To nourish your inspiration and help you with this, don’t hesitate to copy your betters, and to watch lots of videos of successful talks. You will find lots of them on the TED.com website.

Organize your content using a mind map

Trace out the complete path of your content

First of all, put each element of your content (ideas, anecdotes, facts etc.) onto Post-it notes or scraps of paper.

You don’t have to write out a whole idea on a Post-it note. Instead of that, draw on a keyword that immediately brings the idea to mind for you. You can even use a diagram or drawing if you prefer.

If you can, choose a different color Post-it note for each type of content: yellow for ideas, green for anecdotes, pink for jokes, blue for quotations or key figures etc.

This will help you see the main component of your talk and rebalance it if necessary.

To achieve this, put the initial situation (point A) Post-it note at the beginning, at the top left, and the final situation (point B) Post-it note at the end, at the bottom right.

Arrange all the other Post-it notes between these two, in a meaningful order, one that you see as being logical and the most convincing.

Arrange your Post-its from point A to point B.
Stick the Post-it with the initial situation in the top left corner and stick the Post-it with the final situation in the bottom right corner.

Reorganize it visually to remember it easily

You must, as far as possible, avoid having to take notes with you to help you on the day; that’s hardly ever a good idea. So, you need to remember what you're going to say.

But, don’t learn it by heart. It mustn’t seem to be recited.

But, how do you remember something without learning it by heart?

By making a mind map!

To do this, rearrange the Post-it notes (or scraps of paper) differently: in a tree structure.

This will enable you to visualise the main stages that structure your content.

  1. Find a space you can use: a table, wall, window etc.

  2. On the left-hand side, place the starting Post-it note, that of the initial situation, point A.

  3. Make the main branches spring from this spot and include your strong ideas, the three or four main themes and the most important points.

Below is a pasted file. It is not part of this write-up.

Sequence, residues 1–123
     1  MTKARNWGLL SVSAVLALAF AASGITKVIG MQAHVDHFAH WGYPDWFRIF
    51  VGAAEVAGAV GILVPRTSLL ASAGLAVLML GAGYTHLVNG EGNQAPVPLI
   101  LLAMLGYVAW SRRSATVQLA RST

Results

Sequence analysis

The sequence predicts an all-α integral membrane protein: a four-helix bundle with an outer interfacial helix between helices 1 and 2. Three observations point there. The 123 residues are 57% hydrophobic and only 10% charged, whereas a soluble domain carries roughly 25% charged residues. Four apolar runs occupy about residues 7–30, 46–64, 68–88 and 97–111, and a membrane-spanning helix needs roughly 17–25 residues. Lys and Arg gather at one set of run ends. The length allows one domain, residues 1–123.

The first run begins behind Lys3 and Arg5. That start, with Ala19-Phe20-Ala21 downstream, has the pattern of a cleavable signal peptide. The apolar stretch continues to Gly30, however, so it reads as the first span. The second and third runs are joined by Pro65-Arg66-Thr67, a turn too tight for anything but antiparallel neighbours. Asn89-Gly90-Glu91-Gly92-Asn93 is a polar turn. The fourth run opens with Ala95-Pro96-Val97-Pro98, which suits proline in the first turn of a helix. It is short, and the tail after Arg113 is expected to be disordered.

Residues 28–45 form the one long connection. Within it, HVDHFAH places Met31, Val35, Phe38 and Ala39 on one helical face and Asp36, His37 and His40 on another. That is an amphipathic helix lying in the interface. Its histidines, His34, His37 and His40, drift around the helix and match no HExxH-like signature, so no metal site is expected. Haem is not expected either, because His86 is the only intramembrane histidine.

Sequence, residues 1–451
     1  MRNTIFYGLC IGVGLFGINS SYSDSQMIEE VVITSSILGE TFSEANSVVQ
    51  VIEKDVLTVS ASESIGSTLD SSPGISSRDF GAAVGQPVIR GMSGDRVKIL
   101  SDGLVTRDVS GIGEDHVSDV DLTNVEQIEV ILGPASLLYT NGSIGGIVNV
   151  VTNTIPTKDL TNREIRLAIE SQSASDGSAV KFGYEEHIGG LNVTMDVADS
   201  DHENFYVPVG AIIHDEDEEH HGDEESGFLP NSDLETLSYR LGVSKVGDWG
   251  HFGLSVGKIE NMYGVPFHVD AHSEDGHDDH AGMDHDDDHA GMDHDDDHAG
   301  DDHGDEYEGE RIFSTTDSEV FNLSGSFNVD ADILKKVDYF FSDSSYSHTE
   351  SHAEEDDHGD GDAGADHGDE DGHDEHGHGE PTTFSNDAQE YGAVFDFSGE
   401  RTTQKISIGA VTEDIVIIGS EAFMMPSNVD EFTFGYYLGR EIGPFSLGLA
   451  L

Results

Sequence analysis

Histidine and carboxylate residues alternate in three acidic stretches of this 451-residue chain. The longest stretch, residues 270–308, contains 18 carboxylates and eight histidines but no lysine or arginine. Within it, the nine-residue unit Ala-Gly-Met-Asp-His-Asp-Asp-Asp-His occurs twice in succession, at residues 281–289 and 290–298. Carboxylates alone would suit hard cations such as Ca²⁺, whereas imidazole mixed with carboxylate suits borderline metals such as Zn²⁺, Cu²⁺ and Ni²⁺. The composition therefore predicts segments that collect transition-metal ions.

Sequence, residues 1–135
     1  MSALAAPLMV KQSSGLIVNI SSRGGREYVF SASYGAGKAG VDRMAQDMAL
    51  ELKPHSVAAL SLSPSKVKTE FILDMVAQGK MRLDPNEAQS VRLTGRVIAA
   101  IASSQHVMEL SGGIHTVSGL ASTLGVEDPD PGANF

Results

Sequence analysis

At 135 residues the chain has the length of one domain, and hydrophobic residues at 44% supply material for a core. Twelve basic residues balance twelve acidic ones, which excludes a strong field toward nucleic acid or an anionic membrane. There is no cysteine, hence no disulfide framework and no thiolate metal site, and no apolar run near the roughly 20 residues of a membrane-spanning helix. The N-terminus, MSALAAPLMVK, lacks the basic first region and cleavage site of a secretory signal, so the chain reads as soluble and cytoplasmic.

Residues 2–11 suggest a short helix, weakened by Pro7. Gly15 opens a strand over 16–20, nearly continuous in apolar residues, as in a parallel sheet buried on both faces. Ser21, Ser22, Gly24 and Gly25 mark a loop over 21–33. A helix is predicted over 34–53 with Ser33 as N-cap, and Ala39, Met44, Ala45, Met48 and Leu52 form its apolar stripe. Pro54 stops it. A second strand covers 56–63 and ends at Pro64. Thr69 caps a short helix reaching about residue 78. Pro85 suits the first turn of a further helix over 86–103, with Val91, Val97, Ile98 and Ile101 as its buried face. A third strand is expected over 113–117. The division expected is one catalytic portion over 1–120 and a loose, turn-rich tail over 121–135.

4. Along these branches, place the Post-it notes for the categories #anecdotes, #key figures, #jokes, and other components of your personal story. These are the twigs!

Rearrange the Post-its into a mind map.
Use a mind map to create a visual representation of the main stages of your story.

The mind map allows you to easily memorize the place where you have put any particular anecdote in relation to your main theme. The structure and visual representation of your content will seem so logical and meaningful, that you won’t have any difficulty remembering it.

Let’s recap!

  • Your story can be more abstract or complex than a tale.

  • In this case, the 5-part structure allows you to capture your audience's attention with the initial situation, arouse a desire for change, and carry the audience with you to the solution.

  • To embellish your story with striking facts that will make them more memorable, you should always include several mini-stories within your larger one.

  • To organize your content:

    • Put each idea on a Post-it, using a different color for each type of content. Stick the first Post-it with the starting situation in the top-left corner and the Post-it with the end situation in the bottom-right corner.

    • Arrange the other Post-its in between the two in a way that makes sense.

  • Use the mind map to memorize your content.

The first part of the course is complete. We will see you again after the quiz to look at how to prepare effectively!

Example of certificate of achievement
Example of certificate of achievement